Home' Cherry Magazine : Cherry spring 2018 Contents 3
DRIVING INDUSTRY INNOVATION
horticulture.com.au/grower-focus/cherry | Winter 2018
I trust this edition finds you progressing well towards harvest.
We have received reports from across Australia on the crop for the
forthcoming season and in all cases there is a sense of optimism
from growers. Crop load seems to be average to heavy in most
cases, which will see overall crop size build from the approximately
15,000 tonnes we saw last year. Dry conditions in some production
areas, including NSW, which remains drought-declared across cherry
areas, will provide a challenge.
This year has seen the largest number of export registrations in
the industry’s history. All production states have fielded registrations,
but the largest growth has been on the mainland in anticipation of
export opportunities to China. There is significant interest from China
in buying cherries, especially early season fruit, and hopefully good
volumes will be exported this season.
The fumigation pathway to China will no doubt provide some
lessons as many growers seek to implement the treatment for the
first time. There is significant experience with using fumigation
in Australia and hopefully this can be drawn upon to see exports
successfully completed this year.
Cherries SA carried out some cooling trials this year that
provided practical data on how best to manage fruit post-harvest
generally, as well as through the fumigation process. The fast-cooling
work in this trial especially is very compelling and shines specific
light on how fumigation could be managed with regard to quickly
heating fruit to 17°C and then fast cooling back down to 0°C. Looking
at how the rest of the world uses this technology and targeted
dispatch temperatures shows that we, as an industry, likely have a
bit to learn in this regard. The project was funded outside of levy
and we thank Cherries SA and the South Australian Government for
undertaking this important work.
Cherry Growers Australia (CGA) attended Asia Fruit Logistica
in Hong Kong in September and World of Perishables in Dubai in
October. It was great to see so many growers at Logistica, including
an increased presence from producers with their own independent
stands. The level of inquiry was good and I thank Charlotte Brunt
and Andrea Magiafoglou for travelling to Hong Kong to help on
the cherry stand. Interest from Asia remains strong and there has
been a lot of Chinese inquiry, with importers interested to see how
the fumigation pathway will work. Hopefully we can hit the ground
running this year with some good-quality cherries.
After Logistica, CGA joined the NSW Department of Primary
Industries (DPI) on a trade mission to Vietnam. This trip highlighted
the variable (but generally low) quality that was received by the
Vietnamese market in 2017-18. The events held in the market saw
very good attendance and Austrade and NSW DPI did a good job of
getting the right people in the room, although the feedback on last
year’s season was very poor. I have written and circulated a report
on this, but if you haven’t received it and are considering exporting
to Vietnam this season I would suggest reviewing it. Quality was an
issue last year and multiple importers suggested that unless a big
improvement can be achieved, there may be no home for Australian
cherries in Vietnam. It is not ‘panic stations’ yet, but it is a sobering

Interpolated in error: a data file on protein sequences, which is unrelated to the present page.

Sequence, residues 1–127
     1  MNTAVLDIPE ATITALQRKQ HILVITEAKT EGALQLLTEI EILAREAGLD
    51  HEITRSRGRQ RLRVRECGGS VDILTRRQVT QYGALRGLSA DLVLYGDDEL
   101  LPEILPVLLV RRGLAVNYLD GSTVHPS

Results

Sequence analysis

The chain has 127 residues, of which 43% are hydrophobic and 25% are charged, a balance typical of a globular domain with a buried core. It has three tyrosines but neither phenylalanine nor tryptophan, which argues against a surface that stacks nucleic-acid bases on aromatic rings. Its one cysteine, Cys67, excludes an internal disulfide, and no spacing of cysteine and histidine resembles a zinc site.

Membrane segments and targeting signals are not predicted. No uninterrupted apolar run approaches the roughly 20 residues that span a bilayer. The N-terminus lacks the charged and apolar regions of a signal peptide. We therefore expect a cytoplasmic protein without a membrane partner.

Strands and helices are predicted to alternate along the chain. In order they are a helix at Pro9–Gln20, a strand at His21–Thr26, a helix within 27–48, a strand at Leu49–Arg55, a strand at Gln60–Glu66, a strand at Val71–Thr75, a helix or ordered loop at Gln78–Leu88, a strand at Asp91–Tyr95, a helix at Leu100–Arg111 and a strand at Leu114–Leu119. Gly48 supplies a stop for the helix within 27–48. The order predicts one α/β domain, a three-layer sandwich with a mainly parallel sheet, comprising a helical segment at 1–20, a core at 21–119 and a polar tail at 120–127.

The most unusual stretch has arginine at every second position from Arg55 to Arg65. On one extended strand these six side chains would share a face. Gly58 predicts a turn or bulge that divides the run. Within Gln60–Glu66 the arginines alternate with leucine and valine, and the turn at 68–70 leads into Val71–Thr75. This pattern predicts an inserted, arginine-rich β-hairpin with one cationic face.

reminder of the standard we must maintain when competing against
countries such as Chile and New Zealand – and also that our fruit is
compared to North American product that was received earlier in the
year. There is still much interest in Australian cherries in Vietnam and
the opportunity is very large, but there must be a dramatic shift to
see us correct what occurred last season and give us a base to build
upon into the future.
The cherry industry has supported World of Perishables for three
years but this is the first year we had a representative at the event.
The UAE is a growing market, but interestingly it is generally referred
to as a low-volume, low-grade, seconds and small fruit market for
Australian cherries. This contrasts to the experience of Australian
table grapes, citrus and vegetables, where it is a high-value, high-
volume market. I wrote a report on the event upon my return and I
see great opportunities for Australian cherries in this market if we
seek to reposition ourselves. Investment in the market by European
cherry producing nations is significant and they are selling into the
market at prices we can compete with profitably.
CGA will be back in China in November for season launch events
in Shanghai and Guangzhou that will be run by NSW DPI. This is a
wonderful opportunity for Australian cherries and we are grateful
to the NSW government for developing this opportunity for us. The
2018-19 season will see the first full season of trade to China, so
the event will serve to announce the arrival of Australian mainland
cherries in China via air freight. CGA will also attend the Fruit and
Vegetable Fair (http://en.chinafvf.com) in Beijing in November.
Attendance at this event includes a one-day seminar meeting with
Chinese officials to discuss further opportunities for exports to China
from Australia and we thank Hort Innovation for arranging the event.
I look forward to speaking to many of you across harvest and
hope the season goes well. There are massive opportunities for
Australian cherries globally and these opportunities are growing,
both within existing markets and with new markets opening. I
encourage you to critique your cherries
thoroughly and speak to importers
openly to ensure all parties are aware
of what the fruit is like and to develop
relationships you can build upon in
years to come.
President of Cherry Growers Australia
horticulture.com.au/grower-focus/cherry | Spring 2018
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